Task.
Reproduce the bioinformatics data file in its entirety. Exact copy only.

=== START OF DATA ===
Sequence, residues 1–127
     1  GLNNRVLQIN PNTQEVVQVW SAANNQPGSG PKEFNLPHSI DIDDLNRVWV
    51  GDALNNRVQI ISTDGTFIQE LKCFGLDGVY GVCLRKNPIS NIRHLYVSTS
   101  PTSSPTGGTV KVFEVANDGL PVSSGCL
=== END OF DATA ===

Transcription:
Sequence, residues 1–127
     1  GLNNRVLQIN PNTQEVVQVW SAANNQPGSG PKEFNLPHSI DIDDLNRVWV
    51  GDALNNRVQI ISTDGTFIQE LKCFGLDGVY GVCLRKNPIS NIRHLYVSTS
   101  PTSSPTGGTV KVFEVANDGL PVSSGCL